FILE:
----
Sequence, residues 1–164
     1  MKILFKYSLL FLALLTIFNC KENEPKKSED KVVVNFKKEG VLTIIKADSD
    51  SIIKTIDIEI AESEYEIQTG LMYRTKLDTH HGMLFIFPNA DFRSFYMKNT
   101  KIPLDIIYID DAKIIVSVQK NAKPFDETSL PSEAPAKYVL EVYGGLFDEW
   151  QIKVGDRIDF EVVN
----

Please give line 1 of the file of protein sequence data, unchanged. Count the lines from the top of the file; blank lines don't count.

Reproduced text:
Sequence, residues 1–164